By Charlotte Spencer
There have been nearly 100 bills introduced so far this year that address the opioid epidemic. It seems everyone can agree this is an issue that needs to be addressed, but very few have managed to get any support at all behind their proposals. Only two bills with a direct focus on the epidemic have seen any kind of movement this year. And only one with a direct focus on the opioid epidemic has managed to become law.
As of late July 2021, a total of five bills that touch on the epidemic — even if only as a side note — have seen some movement past being introduced, although only two of those have managed to become law. As we mentioned earlier, for the most part these bills sit unmoving with no cosponsors, or only a handful of cosponsors.
It’s a miniscule amount of headway on an issue that so many agree needs to be addressed. At this point, it seems like introducing more bills would simply muddy the waters further. We have plenty of bills, but most of them aren’t making any progress. In this piece we give an overview of the bills that touch on the opioid epidemic, and those that have actually made progress so far this year.
This is one of only two bills introduced this year with a direct focus on the epidemic that have seen any movement. As of the writing of this article, it has passed the Senate and the House, but has not yet been signed into law. It amends the Veterans Health Care and Benefits Improvement Act of 2020 by mandating that the Secretary of Veterans Affairs designate times when individuals can dispose of controlled substances at Department facilities. It also allows for public information campaigns on this subject.
This is one of only two bills introduced this year that touch on the opioid epidemic at all that have actually managed to become law. It does not focus primarily on substance abuse, but does contain one section on funding for community-based substance abuse disorder services. This includes “distributing opioid overdose reversal medication to individuals at risk of overdose, connecting individuals at risk for, or with, a substance use disorder to overdose education, counseling, and health education, and encouraging such individuals to take steps to reduce the negative personal and public health impacts of substance use or misuse.”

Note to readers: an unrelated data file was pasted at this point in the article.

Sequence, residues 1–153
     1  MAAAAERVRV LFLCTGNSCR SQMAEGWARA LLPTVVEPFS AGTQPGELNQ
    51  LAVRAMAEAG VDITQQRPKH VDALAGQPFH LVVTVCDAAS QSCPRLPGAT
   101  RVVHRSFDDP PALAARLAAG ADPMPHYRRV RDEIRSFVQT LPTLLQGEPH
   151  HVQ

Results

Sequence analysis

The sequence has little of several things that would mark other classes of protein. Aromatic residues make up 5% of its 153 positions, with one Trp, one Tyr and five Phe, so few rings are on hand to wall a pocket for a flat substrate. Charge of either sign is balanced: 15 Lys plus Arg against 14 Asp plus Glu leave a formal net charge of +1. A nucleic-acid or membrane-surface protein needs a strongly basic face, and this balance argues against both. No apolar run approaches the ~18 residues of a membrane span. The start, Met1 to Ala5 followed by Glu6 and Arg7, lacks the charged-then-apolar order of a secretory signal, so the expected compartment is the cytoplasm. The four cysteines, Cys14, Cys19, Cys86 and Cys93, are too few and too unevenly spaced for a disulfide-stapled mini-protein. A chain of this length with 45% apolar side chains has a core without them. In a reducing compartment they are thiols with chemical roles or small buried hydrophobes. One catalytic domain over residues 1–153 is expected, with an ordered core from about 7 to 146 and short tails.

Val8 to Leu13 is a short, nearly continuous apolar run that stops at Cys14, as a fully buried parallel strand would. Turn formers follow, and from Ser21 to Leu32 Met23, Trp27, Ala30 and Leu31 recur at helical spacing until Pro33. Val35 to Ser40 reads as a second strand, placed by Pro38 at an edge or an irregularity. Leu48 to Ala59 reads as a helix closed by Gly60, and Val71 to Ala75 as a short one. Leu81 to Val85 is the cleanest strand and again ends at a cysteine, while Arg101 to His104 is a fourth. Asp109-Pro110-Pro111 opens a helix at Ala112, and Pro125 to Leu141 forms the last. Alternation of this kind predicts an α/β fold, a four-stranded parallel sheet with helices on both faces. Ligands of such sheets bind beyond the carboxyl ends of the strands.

This is the only bill introduced this year that just touches on the opioid epidemic and has managed to pass the Senate, besides the two that became law. It does not focus on the opioid crisis, but briefly touches on the issue of sanctioning China for a number of reasons, including “drug trafficking, including trafficking in fentanyl and other opioids.”
This is the only bill introduced this year that just touches on the opioid epidemic, and has managed to pass the House, aside from the other two that became law. It does not focus on the opioid epidemic, but touches briefly on controlled-substance testing in the Motor Vehicle Carrier Act.
This bill is the only bill so far this year that focuses directly on the opioid crisis that has managed to become law as of late July 2021. The original temporary order placing fentanyl related substances in Schedule I of the Controlled Substances Act was set to expire May 6. This bill became law May 4, thus extending this classification until October 22. Schedule I is the most serious classification of drugs in the Controlled Substances Act. This is still a temporary fix waiting on a more permanent update.
For a full list of pending legislation and to see updates on the progress of bills see https://www.congress.gov/. If you found this overview informational, you may also be interested in our recent article on a landmark case and settlement on this subject.
The information provided in this article should not be considered legal advice or a substitute for legal advice. Biometrica is not a law firm and cannot offer legal advice.